Well that was a huge, unanticipated break. My life underwent some technical difficulties and Near Death took the hit. That’s the thing about personal projects, they’re much easier to de-rail than work-for-hire gigs. So I’ll use this opportunity to have a pissy rant about something that bugs me.
Now and then you’ll hear this question discussed; ‘What’s more important in comics, story or art?”. This is a profoundly stupid question because in comics ‘art’ and ‘story’ are not separate things. What people really mean is ‘What’s more important in comics, writing or art’. And the answer, of course, is neither. The telling of the story is what’s important and the art should be telling you the story just as much as the words are.
But generally they don’t get to. Which is a massive problem because comics are a visual medium, so stories told in comics are most effective when told visually. But when people hear ‘story’ they still tend to think of words, either written or spoken, not visuals (maybe because the artforms that can tell stories visually, film and comics mainly, are reletively new compared to prose) but it’s this kind of thinking that I believe’s at the heart of a lot of what is wrong with how comics are executed.
When a new artform first emerges it tends to lean heavily on earlier forms before it learns how to use it’s own strengths. So in the early days of motion pictures films were basically silent stage plays. The camera would sit in a fixed position and record the events as they unfolded. No edits, cuts, close-ups, pans or zooms. No sequence. Over time filmakers discovered what they could do with the camera and how they could tell a story in an engrossing way that was unique to film, and movies became the most popular artform in the world.
Comics on the other hand never seem to have gotten very far from their early days as a combination of prose and illustration. In many early comics this would lead to a ‘doubling up’ where both the words and pictures were basically doing the same job. You’d have a caption that stated ‘Then Jack landed a blow on the thief’, an illustration showing Jack punching a thief, and a speech bubble that read “Ha! I’ve landed a blow on this thief!”. And although comic creators have gone beyond this kind of clumsy exposition they’ve never really managed to integrate prose and illustration, they still tend to just run parallel.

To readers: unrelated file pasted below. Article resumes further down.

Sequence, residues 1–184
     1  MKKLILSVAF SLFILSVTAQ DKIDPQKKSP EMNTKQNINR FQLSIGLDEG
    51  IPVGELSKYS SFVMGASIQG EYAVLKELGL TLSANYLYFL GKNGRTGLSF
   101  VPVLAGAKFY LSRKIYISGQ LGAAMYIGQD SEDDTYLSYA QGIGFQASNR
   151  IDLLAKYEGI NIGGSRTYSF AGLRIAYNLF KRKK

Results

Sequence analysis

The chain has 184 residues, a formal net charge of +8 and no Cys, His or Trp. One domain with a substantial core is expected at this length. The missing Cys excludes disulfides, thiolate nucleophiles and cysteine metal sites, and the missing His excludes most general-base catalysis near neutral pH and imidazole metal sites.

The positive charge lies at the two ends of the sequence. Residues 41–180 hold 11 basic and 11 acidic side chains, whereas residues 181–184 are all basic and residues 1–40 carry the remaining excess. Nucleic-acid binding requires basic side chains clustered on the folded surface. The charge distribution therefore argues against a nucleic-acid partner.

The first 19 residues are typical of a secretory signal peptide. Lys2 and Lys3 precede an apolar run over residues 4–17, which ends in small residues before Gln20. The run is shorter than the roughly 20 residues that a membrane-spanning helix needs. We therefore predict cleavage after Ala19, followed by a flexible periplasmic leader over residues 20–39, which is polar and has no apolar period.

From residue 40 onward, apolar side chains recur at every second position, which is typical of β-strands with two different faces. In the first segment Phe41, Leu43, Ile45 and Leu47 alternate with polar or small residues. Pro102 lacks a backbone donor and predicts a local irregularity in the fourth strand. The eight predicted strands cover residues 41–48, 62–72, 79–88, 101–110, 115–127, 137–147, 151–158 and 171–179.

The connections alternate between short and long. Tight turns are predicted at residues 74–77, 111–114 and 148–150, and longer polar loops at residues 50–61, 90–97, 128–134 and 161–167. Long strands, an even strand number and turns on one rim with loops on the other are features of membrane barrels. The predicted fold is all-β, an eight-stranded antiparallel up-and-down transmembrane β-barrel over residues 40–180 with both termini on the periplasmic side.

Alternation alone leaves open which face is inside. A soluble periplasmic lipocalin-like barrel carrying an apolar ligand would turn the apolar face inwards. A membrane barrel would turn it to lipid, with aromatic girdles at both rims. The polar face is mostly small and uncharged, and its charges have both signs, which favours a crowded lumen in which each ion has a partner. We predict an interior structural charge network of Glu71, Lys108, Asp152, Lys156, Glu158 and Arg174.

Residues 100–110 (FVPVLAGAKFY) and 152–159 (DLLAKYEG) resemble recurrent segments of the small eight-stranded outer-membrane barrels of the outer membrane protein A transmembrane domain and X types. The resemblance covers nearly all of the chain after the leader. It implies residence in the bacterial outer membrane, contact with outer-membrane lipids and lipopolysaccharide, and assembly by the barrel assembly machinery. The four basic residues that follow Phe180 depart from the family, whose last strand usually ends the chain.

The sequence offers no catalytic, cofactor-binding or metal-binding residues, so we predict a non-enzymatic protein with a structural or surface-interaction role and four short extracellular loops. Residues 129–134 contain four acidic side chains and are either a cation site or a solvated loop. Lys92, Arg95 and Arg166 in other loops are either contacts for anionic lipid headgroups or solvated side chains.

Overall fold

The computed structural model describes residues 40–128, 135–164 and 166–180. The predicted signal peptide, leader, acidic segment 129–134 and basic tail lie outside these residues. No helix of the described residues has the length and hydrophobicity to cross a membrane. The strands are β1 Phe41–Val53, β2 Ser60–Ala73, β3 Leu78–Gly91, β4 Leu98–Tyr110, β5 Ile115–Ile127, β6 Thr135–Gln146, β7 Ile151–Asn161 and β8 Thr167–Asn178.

This problem seems to stem from the way comic scripts are written. If a writer starts by thinking “What are the best words I can use to tell this story?” and then gets an artist to produce pictures to complement those words, all they’ve done is write a heavily illustrated novel where the dialogue and description happen to sit directly on top of the pictures. This is how the vast majority of comics are created.
Not only do writers tell their story with words, they also dictate how it’s told visually. They choose the number of panels per page and all the panel breaks, they decide the panel content and describe shots and angles. And mostly they do this very poorly and arbritrarily. Which is totally understandable because they’re not artists. It’s almost impossible to work out a visual sequence without getting a pencil and paper and drawing it. Imagine if architects didn’t draw blueprints or create models but instead wrote a long piece of descriptive prose and handed that to the builder.
This tradition of dicatating visuals sequences verbally tends to lead to all sorts of problems which are the bane of a comic artist’s life. In fact most of your job as a comic artist comes down to solving visual problems caused by the script. Scripts constantly call for visuals that are not only awkard but often contradictory. The best you can hope for is a writer who doesn’t mind you changing the panel layout so it runs a little better, although you can never fix any of the basic problems this way, you’re just re-arranging the deck chairs on the Titanic.
The tradition of writers dictating visuals has reduced comic book art to illustration. If an artist isn’t given the opportunity to develop a distinct way of organising a visual sequence to tell a story, the only way their work can shine is as illustration. Their art is taken out of the context of the page (so isn’t comic art anymore) and judged that way. Artist ‘a’ draws great anatomy, artist ‘b’ draws wonderful backgrounds, artist ‘c’ has fantastic line quality etc.
Ideally I think things should run closer to the way a screenwriter and director work. Imagine if you got a film script and you handed one copy to Michael Bay and another to the Coen brothers, how different would those films be? How distinctly would they tell that identical story?
A script should contain all the dialogue, captions and scene description but never dictate how to tell the story visually. No panel breaks, no shot choices, nothing. A writer might be excellent at writing tense dialogue but do they know what kind of panel shapes, angles and even what number of panels will communicate that tension visually? Usually not. They might write an initmate conversation and then ask for a distancing layout. They may write an epic scene and give you two pages to achieve it.
All of these things make for mediocre comics, and the sad part is it’s easily solved by writers doing less work and giving aritsts the room to do their jobs so comics can start to reach their full potential.